Tag: cultural diversity

Bioethics News

Successful Launch of the 2nd Edition Global Bioethics Summer Program in Manhattan, NYC 2016!

Interested in getting involved in bioethics? Join Global Bioethics Initiative’s summer program organized annually in Manhattan, NYC and Dubrovnik, Croatia, where we discuss controversial issues such as embryonic stem cell research, human cloning, gene therapy, human genetic engineering, organ trafficking, euthanasia, and human enhancement.

Our notable faculty and eager participants are exceptional, with complex multicultural backgrounds, educations, and experience. Over the past couple of days in Manhattan, we have enjoyed lectures and film screenings during the week and field trips on the weekend.

Here are some testimonials from the international participants of our Manhattan session, July 11-18, 216.

“As a Biomedical Engineer working in research at a university in Bogota, Colombia, I have experience both in structuring, reviewing and presenting research proposals. I decided to attend the Global Bioethics Initiative Summer Program to inform myself about current bioethical issues facing the scientific community, so that I could apply that knowledge to my own work in order to make better informed decisions. The program has far exceeded my expectations. The diversity of the lecturers and the other participants both in their professional backgrounds and cultural diversity allows for so much insight. We have had lecturers speak to us about topics ranging from human stem cell culture to in-vitro fertilization to forced human organ trafficking. The expertise of those involved has allowed me to grow personally, and the networking opportunities have been priceless. I can’t wait to see what else is in store for us in this once in a lifetime opportunity.”
Luis Martinez, Ph.D. Biomedical Engineering, Bogota, Hospital Universitario La Samaritana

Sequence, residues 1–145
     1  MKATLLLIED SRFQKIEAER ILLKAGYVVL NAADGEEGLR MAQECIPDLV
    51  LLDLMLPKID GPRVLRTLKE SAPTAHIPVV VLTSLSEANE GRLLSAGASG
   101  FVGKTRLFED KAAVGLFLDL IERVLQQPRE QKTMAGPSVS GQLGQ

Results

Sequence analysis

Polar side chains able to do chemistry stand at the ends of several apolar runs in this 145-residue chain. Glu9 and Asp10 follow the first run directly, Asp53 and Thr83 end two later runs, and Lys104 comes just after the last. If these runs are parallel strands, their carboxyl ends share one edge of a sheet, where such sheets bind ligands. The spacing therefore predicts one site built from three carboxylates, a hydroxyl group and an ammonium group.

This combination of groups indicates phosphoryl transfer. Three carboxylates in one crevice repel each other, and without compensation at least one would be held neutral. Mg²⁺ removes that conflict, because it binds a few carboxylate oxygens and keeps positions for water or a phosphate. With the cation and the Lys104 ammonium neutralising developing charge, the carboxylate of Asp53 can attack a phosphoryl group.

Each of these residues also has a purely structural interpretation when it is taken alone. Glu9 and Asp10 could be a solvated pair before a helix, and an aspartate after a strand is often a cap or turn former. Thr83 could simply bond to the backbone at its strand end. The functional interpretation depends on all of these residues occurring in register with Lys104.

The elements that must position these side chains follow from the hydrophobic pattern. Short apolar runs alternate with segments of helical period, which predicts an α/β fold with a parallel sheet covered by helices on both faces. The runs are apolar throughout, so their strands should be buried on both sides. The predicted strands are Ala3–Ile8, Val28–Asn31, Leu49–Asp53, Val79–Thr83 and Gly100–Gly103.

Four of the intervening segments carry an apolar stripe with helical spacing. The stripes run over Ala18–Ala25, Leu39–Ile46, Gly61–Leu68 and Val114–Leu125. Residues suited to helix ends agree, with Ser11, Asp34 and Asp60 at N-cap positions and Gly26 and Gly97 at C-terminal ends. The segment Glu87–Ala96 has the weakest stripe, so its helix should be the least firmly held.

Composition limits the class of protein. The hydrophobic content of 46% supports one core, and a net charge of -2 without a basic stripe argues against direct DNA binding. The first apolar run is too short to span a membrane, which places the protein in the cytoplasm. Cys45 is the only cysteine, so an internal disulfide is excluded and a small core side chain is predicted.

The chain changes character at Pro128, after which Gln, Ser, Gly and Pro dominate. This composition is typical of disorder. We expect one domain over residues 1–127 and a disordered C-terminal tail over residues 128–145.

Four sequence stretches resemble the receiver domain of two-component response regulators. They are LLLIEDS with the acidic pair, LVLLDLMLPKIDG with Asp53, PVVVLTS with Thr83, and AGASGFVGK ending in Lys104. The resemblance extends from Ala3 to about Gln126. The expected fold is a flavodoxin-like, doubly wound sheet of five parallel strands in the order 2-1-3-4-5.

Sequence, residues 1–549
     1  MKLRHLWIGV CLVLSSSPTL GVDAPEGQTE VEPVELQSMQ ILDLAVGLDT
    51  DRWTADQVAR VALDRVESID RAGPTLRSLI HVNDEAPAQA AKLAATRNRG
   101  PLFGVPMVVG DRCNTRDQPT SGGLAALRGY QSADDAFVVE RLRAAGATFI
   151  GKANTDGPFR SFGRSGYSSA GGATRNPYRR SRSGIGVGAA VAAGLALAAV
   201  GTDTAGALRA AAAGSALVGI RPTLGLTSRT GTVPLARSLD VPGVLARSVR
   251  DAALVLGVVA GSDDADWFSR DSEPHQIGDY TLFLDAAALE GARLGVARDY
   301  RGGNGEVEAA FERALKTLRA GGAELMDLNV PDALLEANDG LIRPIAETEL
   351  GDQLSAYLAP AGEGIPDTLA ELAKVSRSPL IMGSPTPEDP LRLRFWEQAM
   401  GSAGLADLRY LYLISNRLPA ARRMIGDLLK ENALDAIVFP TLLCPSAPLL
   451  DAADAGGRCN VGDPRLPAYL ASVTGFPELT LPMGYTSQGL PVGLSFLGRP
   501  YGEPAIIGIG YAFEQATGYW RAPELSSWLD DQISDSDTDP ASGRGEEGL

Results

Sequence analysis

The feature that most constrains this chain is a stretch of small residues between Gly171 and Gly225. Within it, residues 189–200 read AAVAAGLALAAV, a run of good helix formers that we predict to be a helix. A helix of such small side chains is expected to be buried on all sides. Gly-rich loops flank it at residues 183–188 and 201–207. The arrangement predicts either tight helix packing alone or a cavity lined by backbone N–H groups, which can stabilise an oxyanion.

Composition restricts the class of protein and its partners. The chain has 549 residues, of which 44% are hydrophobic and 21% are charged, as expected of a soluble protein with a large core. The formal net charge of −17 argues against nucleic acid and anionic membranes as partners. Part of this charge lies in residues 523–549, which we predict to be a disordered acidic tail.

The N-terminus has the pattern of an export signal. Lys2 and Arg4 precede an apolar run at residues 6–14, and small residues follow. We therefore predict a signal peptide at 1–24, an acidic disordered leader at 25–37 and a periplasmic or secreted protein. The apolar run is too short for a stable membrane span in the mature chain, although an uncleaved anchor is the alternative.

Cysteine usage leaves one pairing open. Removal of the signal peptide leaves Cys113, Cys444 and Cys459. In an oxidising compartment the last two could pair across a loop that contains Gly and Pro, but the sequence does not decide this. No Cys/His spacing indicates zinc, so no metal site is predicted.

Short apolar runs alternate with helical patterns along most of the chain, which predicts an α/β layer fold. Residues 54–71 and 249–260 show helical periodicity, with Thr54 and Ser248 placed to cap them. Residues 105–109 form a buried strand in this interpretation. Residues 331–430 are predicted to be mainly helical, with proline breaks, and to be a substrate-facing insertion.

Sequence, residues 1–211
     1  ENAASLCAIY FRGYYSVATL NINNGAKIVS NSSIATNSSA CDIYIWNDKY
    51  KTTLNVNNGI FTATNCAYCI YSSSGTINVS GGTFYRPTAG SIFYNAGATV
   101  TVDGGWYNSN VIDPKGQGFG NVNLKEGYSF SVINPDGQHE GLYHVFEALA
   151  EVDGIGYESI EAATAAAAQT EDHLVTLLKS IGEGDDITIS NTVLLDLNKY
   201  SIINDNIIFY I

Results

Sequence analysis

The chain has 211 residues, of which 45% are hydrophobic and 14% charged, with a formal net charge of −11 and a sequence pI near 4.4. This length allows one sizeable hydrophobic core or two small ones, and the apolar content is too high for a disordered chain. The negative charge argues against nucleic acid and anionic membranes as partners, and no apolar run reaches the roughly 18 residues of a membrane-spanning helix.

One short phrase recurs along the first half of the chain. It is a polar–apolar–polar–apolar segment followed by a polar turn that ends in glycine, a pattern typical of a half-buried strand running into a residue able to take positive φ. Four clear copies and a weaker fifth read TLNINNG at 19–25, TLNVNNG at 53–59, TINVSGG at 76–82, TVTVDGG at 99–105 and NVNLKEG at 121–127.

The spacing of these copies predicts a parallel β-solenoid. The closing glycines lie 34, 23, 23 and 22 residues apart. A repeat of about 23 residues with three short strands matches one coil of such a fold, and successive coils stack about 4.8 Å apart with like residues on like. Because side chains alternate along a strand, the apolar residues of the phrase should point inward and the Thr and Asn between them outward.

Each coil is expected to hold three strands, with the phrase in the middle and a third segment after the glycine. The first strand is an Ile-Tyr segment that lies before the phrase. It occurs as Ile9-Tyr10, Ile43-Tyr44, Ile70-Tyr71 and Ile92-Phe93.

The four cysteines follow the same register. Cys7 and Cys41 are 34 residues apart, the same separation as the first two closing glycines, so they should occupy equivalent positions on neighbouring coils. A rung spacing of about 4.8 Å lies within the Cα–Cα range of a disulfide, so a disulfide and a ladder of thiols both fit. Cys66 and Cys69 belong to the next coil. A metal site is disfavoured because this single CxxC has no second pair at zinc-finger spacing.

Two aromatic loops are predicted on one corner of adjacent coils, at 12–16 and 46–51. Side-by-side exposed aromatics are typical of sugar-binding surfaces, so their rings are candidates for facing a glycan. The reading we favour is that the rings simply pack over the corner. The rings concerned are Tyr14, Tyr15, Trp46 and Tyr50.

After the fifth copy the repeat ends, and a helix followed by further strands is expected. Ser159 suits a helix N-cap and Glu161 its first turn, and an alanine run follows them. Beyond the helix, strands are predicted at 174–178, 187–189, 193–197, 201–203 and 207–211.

“I was motivated to attend the Global Bioethics Initiative Summer School in Manhattan because of my desire to expand my knowledge of the bioethical issues that surround us.

The views, opinions and positions expressed by these authors and blogs are theirs and do not necessarily represent that of the Bioethics Research Library and Kennedy Institute of Ethics or Georgetown University.

Bioethics Blogs

Expanding The Moral Community: Why is it so hard?


Much of American history can be described as the struggle to
expand the moral community in which an increasing number of human beings are
seen as having basic rights under the constitution. We forget sometimes that
though the inclusion of all people was perhaps implied in our early documents,
as in “We hold these truths to be self-evident, that all men are created
equal…” from the Declaration of Independence, it has taken historical time and
struggle to come closer to realizing that ideal. This struggle has been the
quest for recognition of more and more individuals not assumed initially to have
the right to vote and exercise control over their lives, which included African
Americans, women, minorities, and more recently the LGBT community. The growing
recognition of more and more individuals as being full fledged citizens has
been a slow, often painful, birthing process of freedom, in the sense of
unleashing human potential and possibilities, within the democratic process.


 


The recent uproar over the
Anti-LGBT law
passed in North Carolina is a reminder of how difficult it is
for many states and communities to accept and accommodate historically
marginalized people into the mainstream of society. This law was a quick
reaction by the right wing North Carolina legislature and governor to an
ordinance passed in Charlotte, similar to what other cities around the country
are doing, allowing transgender people to use restrooms according to their
gender identity. Perhaps this law also should be seen as a reaction to the
Supreme Court ruling in 2015 legalizing same-sex marriage, which has been
propelling society toward greater openness and acceptance of LGBT life styles,
integrating them into the mainstream.

The views, opinions and positions expressed by these authors and blogs are theirs and do not necessarily represent that of the Bioethics Research Library and Kennedy Institute of Ethics or Georgetown University.

Bioethics Blogs

Traumatic Brain Injury and Cultural Diversity

Tracey Landmann, a traumatic brain injury survivor, advocates greater respect and recognition for the individual differences presented by persons living with traumatic brain injury.

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People generally like to organize things, including other people. We construct figurative containers and compartments, and then sort through the chaos of the planet’s population, often negatively judging those who do not share in our own culture’s belief system. We frown on people we view as incapable, unethical, or irrational, doing so even when we are only familiar with stereotypes about these individuals. Even the simplest deviations become suspect.